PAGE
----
4. Parquet Courts, Sunbathing Animal. Overall a slower affair than the last album which I actually enjoy more, especially when they draw out the songs and let the riffs ride.

5. Todd Terje, It’s Album Time. The Norwegian DJ’s first proper LP is a fun, spacey affair that still maintains a cohesion throughout that reminded me of the Chemical Brothers first album, which is a big compliment from me.

Honorable mentions to First Aid Kit, Sharon Jones, Sylvan Esso, Damien Jurado, Hundred Waters, Liars, Angel Olson and Neneh Cherry. Like I said, a lot of good music this year.

SXSW 2014 – Quick Thoughts

March 17, 2014

We had such a blast last year, we headed back to Austin in 2014 for the music portion of the SXSW festival.  Like last year, we got badges.  Unlike last year, we went a day earlier and got a full day of music on Wednesday.  Here’s some quick thoughts, and then I’ll get more into the 51 bands we saw last week.

1. Last year was the year of lead singers going out into the audience.  Not one lead singer we saw went into the crowd this year.  Instead, this was the year of choreographed dance moves by lead singers.  I’m sure there’s some great insight to make about that, but I haven’t figured it out yet.

2.  If you have a badge, take advantage of the “fast pass” option.  Each day, you can go up to the 4th floor near the Radio Day stage and get a pass to one venue that will get you to the front of the line.  We used them Thursday-Saturday for the venue we planned to stay for the night. We got to the front of the line right before they opened for the night and were the first in and got our spot or seat of choice.

3.  The other theme that I noticed this year was the long soundchecks and adjustments that needed to be made after sets started to get the sound right, or at least listenable.  They should have handed out foam fingers to bands because they were constantly pointing index fingers up to get more sound in their monitors.  This culminated in a horrible sound job all night at the Bungalow on Saturday.

4. Seeing new venues is a fun part of the experience.  We did revisit a few places like Mohawk and Stubbs, but hit new places like the aforementioned Bungalow (it’s a nice space but couldn’t recommend because of the bad sound), The North Door, Red7, Parish and Empire Garage.

5.  A few of the shows that I really liked: St. Vincent’s set at Stubbs was probably the best thing I saw over the four days; Little Dragon’s sunny afternoon set at Red7; Hold Steady’s rollicking set at the Radio Day Stage; Angel Olson’s hypnotic performance at the Central Presbyterian Church; Cody ChestnuTT battling through the terrible sound at Bungalow with a fierce performance.

6.  The accident that happened early Thursday morning definitely put a damper on moods on Friday and was the subject of conversation with anyone we talked to during the day.  We were down the block at Stubbs that night and the only inclination anything was wrong was a circling helicopter between sets.  3 people have now died from injuries and there are still several seriously injured.  There was a moment of silence during the show at Parish on Friday night that was repeated at venues throughout the city.  It was a nice gesture that paid respect to the victims as well as announcing a fund to raise money to the victims.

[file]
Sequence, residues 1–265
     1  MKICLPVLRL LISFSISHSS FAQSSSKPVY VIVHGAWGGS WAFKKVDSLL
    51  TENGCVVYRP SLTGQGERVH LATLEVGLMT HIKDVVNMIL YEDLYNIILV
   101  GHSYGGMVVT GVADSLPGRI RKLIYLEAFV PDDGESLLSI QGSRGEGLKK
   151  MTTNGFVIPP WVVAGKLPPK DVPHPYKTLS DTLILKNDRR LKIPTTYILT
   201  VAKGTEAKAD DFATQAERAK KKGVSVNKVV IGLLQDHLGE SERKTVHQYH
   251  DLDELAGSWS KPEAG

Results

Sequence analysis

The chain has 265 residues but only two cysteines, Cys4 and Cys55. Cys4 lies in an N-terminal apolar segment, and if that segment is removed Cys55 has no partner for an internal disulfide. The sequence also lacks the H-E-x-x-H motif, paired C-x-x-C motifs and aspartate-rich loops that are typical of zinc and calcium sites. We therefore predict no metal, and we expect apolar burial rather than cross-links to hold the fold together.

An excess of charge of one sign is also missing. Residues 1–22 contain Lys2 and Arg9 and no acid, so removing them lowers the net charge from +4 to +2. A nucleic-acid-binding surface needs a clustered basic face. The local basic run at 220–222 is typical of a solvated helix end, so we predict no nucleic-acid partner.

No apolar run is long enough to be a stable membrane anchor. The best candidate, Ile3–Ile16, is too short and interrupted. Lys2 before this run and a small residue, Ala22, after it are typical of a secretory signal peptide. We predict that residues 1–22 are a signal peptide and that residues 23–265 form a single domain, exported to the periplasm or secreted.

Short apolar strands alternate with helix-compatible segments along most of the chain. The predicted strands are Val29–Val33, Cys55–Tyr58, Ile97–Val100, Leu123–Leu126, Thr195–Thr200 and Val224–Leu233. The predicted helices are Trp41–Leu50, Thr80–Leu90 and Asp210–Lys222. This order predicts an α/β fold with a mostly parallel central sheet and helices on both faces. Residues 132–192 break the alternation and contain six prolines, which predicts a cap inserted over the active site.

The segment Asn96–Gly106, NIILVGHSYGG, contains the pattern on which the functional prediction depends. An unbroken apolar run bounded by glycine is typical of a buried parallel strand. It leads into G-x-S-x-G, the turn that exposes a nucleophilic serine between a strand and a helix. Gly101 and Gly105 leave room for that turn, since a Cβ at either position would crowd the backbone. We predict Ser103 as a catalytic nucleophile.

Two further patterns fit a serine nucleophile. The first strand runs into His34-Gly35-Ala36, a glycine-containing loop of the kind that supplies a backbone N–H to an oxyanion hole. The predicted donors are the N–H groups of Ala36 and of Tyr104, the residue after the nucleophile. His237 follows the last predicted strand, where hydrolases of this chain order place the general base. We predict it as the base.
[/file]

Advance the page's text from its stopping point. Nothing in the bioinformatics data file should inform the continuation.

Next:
Note that Jenn Wasner read during moment of silence Friday night.

Note that Jenn Wasner from Wye Oak read during moment of silence Friday night.

Some Music for the New Year

January 20, 2014

The 2014 music releases are already coming fast and furious.  Vets like Bruce Springsteen, Roseanne Cash, and Stephen Malkmus all have released new discs, which I haven’t gotten to yet.  Here’s a couple of other albums that have come out that I listened to and enjoyed:

1) Sharon Jones & The Dap Kings, Give The People What They Want.  Delayed while Sharon Jones got treatment for cancer, this album continues the band’s great run of capturing the essence of 60s Motown R&B.  Clocking in at just over 30 minutes, they mix in upbeat numbers with ballads that are going to leave the people wanting more.

2) Damien Jurado, Brothers and Sisters of the Eternal Son.  Another throwback album, this one to 70s AM rock radio.  You can hear one of the songs here.

3) Twin Oaks, The Lion’s Den.  Found this on Bandcamp, it’s a California duo that evokes Mazzy Star with melancholy and haunting songs.

Listen: Beck:

Also, more excited about Beck’s new album with his release of Blue Moon.  Like Jurado, Beck seems to be channeling 70s rock in the vein of Neil Young, both musically and with his cover art (above).  Finally, St. Vincent has a new album coming out and Annie Clark looks like she’s going to continue making unique songs that still rock.  Get a sneak peak here.